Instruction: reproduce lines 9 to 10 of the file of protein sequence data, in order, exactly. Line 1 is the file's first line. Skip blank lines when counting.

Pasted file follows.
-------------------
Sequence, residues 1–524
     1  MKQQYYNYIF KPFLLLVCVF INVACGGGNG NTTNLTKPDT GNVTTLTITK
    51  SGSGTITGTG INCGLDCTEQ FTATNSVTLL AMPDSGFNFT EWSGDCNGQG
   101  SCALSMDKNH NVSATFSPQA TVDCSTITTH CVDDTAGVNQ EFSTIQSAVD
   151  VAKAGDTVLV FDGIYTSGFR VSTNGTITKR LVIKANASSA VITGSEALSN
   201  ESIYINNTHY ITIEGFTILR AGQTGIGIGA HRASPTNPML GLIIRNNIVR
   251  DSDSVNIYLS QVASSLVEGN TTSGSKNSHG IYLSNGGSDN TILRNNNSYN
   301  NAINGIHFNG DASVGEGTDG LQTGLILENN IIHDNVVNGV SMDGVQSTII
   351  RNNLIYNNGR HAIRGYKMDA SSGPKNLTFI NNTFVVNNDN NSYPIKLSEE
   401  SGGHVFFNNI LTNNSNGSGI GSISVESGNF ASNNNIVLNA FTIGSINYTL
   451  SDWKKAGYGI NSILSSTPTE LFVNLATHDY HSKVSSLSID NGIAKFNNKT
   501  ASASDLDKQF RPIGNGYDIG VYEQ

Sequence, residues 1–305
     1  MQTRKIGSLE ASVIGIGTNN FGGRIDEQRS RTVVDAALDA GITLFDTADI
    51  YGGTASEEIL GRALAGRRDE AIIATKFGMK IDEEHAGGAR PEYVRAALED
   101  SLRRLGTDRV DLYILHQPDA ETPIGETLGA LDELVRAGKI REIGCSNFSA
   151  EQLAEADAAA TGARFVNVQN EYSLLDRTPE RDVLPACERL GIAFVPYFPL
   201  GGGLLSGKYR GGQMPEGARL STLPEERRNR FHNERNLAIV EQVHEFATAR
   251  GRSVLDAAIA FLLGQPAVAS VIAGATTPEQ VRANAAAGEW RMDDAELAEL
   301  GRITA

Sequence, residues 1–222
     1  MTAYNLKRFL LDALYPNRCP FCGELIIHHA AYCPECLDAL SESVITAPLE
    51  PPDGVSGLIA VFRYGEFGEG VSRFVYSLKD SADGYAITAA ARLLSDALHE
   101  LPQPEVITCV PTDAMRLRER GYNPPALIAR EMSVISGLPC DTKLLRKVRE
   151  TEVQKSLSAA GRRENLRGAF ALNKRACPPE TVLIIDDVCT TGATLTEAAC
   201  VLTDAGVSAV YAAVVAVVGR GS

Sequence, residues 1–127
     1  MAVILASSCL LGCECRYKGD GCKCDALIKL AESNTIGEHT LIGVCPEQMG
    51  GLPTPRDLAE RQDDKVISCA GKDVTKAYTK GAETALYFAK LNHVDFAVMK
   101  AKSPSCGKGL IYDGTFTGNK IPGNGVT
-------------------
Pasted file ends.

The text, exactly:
   351  RNNLIYNNGR HAIRGYKMDA SSGPKNLTFI NNTFVVNNDN NSYPIKLSEE
   401  SGGHVFFNNI LTNNSNGSGI GSISVESGNF ASNNNIVLNA FTIGSINYTL